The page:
Integris Health owns a majority of Lakeside Women's Hospital after the two companies finalized an agreement Monday.
Leaders from both hospitals say they've discussed the purchase for about five years and would not disclose how much Integris paid for its 75 percent share of Lakeside.
Dr. Debbie Huff, one of Lakeside's founding doctors, said health care continues to grow more complex, and a “copartnership” with Integris gives Lakeside a more stable future.
“There is a lot of uncertainty in health care, and with the uncertainty, the timing seemed right to merge with an entity that we felt we could collaborate with and still provide the type of care that we want to provide and collaborate with them as well,” Huff said. “We think it's a win-win solution for them as well as for us.”
Huff said Lakeside Women's Hospital prides itself on patient-focused care. The facility, at 11200 N Portland Ave., has served as a specialty hospital in Oklahoma City for the past 15 years. Lakeside is partially owned by physicians and has more than 40,000 active patients.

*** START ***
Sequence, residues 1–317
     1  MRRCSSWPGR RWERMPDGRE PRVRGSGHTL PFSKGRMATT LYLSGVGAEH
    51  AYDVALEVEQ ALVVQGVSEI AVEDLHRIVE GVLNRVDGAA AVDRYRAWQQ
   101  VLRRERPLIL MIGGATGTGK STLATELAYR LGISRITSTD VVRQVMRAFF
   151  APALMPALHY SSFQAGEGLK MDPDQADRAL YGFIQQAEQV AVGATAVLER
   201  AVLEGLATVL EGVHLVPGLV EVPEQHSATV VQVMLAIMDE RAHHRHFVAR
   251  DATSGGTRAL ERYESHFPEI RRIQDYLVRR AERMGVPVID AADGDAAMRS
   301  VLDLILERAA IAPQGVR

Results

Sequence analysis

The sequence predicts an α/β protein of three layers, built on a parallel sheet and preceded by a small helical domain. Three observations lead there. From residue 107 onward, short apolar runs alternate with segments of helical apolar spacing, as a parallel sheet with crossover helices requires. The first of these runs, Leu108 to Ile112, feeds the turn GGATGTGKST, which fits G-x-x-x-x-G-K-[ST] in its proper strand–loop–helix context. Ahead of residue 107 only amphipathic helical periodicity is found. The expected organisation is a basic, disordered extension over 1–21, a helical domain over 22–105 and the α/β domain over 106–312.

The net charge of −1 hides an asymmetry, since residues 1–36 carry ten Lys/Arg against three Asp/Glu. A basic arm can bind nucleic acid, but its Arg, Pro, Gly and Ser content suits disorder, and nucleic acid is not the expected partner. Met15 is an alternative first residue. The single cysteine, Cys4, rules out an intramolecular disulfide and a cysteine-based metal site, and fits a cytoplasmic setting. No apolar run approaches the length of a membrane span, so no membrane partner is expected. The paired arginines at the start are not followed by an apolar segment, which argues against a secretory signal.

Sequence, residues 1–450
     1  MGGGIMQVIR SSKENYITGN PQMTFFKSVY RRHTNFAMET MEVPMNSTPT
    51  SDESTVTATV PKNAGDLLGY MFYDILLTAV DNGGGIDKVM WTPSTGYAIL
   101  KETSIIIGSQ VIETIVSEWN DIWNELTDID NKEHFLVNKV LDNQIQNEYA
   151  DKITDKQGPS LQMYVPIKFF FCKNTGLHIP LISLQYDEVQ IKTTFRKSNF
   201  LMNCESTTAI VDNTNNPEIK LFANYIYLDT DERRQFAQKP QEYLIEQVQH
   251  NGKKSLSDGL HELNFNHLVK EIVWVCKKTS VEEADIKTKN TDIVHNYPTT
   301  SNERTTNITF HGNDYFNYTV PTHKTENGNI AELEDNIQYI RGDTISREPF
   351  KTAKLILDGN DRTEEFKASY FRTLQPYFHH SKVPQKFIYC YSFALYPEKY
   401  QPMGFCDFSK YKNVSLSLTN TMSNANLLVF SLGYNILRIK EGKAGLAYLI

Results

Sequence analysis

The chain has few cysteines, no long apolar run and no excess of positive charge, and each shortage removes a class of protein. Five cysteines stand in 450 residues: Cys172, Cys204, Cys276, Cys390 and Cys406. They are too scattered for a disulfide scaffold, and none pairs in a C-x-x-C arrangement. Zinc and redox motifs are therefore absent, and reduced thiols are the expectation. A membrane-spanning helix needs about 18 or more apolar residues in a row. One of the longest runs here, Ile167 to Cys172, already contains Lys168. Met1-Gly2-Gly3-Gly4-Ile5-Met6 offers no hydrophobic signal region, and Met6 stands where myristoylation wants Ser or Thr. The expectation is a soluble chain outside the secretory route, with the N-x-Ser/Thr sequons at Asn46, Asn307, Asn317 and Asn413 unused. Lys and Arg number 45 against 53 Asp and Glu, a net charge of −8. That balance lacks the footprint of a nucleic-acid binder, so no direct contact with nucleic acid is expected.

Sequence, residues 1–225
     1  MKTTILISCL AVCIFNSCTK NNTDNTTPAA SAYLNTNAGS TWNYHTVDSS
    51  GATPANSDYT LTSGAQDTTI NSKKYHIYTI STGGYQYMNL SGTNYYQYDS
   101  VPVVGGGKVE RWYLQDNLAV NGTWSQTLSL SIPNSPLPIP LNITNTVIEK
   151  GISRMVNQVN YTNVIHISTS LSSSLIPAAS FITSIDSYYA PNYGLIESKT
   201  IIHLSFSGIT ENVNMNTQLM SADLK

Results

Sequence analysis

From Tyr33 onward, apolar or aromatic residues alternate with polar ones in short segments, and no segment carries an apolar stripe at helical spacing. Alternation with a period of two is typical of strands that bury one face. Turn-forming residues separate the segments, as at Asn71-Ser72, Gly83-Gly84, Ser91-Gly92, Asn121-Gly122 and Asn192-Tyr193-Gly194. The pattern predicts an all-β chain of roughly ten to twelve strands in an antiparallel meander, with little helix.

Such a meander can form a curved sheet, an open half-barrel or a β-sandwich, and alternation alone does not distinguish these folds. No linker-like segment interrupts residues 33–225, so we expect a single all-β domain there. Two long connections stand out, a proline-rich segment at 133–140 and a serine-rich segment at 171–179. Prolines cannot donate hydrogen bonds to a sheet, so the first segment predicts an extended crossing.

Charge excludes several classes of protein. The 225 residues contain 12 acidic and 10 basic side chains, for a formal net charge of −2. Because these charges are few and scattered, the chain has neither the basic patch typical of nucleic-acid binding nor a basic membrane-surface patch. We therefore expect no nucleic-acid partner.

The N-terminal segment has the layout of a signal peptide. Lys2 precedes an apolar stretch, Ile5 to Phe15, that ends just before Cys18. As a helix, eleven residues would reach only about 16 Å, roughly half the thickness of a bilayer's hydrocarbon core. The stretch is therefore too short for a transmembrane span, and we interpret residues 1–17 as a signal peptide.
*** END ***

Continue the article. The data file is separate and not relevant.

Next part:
Integris Health, a nonprofit corporation, is an Oklahoma health system that operates multiple hospitals across Oklahoma.
The entities within Integris maintain more than 1,900 beds and have medical staffs of more than 2,500 physicians, according to the company.
Integris hopes to expand its referral base with the purchase of Lakeside. Integris metro-area facilities and Lakeside Women's Hospital have a combined market share of about 29 percent, according to Integris data.
The company does not plan to change any of Lakeside's leadership, including Kelley Brewer, who will remain Lakeside's CEO, Huff said. Three Integris board members and three Lakeside board members will serve on Lakeside's board.
Integris President and CEO Bruce Lawrence said health care is growing more complex, and Integris and Lakeside's “copartnership” will help ensure both hospitals continue to serve Oklahoma, he said.
One of the challenges that hospitals and health systems are facing relates to changes in how they're reimbursed for Medicare, he said.
“With the Affordable Care Act, we know that all hospitals are going to see a reduction in what we're paid by Medicare for the provision of care for the Medicare population,” Lawrence said. “That's one of the big drivers that all health systems across the country right now are dealing with, knowing what those reductions are going to be and how we are going to address that.”